Cognition—What it is
Cognition is the ability to make sense of the world. It involves paying attention and organizing incoming information, storing it in memory and using it as needed to cope with the demands of daily life. Cognitive abilities form the foundation for learning. They help people think clearly, plan and solve problems on a daily basis.
Cognitive difficulties not only impair the ability to learn, remember and solve problems, they also affect social interactions and can increase feelings of stress, anxiety or depression.
Changes in cognition can be caused by brain damage due to a stroke, traumatic brain injury, a tumor or other chronic disabilities. Cognitive functioning is also negatively affected by physical inactivity (resulting in less oxygen and blood flow to the brain), pain, medications, stress, anxiety and depression as well as the aging process. Many of these factors can be altered to reduce their impact on cognition.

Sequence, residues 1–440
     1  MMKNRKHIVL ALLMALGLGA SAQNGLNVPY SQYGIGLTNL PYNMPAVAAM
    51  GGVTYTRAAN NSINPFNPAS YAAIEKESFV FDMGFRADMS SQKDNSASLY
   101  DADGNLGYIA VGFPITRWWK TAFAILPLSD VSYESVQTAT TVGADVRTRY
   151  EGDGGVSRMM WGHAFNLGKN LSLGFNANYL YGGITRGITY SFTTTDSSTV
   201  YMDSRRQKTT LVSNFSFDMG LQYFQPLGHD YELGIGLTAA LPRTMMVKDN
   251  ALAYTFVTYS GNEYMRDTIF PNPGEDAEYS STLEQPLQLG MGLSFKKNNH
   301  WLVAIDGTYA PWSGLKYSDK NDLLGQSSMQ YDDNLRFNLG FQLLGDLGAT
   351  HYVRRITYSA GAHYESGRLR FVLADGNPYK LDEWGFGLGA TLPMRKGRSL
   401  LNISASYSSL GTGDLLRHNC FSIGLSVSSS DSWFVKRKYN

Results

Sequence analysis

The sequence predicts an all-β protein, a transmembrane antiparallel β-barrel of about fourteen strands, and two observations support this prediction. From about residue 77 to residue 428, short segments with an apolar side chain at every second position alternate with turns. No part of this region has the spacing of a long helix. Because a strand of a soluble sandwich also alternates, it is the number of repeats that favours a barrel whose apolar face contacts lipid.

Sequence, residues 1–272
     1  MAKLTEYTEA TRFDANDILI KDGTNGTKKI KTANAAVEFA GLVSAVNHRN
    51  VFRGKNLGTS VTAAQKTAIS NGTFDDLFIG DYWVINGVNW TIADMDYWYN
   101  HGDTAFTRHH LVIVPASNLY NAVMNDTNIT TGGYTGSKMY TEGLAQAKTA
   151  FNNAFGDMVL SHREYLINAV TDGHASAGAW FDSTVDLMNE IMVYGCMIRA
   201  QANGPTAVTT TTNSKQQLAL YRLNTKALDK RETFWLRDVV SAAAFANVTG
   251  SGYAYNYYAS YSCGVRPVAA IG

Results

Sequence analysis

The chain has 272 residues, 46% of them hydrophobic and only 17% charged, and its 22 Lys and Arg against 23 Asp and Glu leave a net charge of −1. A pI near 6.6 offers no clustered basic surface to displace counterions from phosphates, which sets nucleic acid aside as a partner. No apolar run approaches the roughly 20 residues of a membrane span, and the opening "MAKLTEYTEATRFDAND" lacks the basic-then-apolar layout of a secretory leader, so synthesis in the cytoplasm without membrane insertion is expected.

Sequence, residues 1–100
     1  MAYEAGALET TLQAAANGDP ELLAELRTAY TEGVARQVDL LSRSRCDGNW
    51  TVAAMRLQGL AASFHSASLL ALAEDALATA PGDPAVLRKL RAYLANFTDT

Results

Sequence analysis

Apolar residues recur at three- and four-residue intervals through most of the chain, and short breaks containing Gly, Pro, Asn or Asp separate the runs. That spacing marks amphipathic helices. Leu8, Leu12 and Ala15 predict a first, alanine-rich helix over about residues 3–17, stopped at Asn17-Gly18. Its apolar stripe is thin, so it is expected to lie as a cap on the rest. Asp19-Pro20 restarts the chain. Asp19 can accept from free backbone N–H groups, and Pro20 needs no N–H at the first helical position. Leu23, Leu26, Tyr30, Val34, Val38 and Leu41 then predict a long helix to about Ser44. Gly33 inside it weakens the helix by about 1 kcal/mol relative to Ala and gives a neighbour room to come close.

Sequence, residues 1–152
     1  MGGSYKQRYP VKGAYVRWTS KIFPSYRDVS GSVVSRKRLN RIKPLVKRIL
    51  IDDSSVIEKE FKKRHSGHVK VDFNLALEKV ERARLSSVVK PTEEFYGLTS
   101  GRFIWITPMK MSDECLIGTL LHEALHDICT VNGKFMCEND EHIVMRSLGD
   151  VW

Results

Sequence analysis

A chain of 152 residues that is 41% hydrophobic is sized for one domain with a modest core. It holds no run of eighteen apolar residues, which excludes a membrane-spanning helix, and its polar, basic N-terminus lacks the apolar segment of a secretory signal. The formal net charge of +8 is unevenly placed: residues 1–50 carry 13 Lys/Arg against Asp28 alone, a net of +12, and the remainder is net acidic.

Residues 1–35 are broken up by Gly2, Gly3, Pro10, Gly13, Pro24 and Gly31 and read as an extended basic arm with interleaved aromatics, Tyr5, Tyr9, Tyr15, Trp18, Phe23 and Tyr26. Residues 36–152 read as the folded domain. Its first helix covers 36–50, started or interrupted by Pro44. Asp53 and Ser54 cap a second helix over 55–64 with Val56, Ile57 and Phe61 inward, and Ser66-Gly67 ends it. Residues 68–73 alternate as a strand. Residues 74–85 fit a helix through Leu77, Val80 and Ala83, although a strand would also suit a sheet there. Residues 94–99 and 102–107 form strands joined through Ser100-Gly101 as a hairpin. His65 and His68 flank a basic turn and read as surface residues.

This module provides an overview of cognitive abilities and examines the impact of certain disabilities on cognition. Finally, it looks at specific cognitive changes and how you, as a caregiver, can support your loved one and use coping strategies and technology to manage or even overcome these cognitive challenges.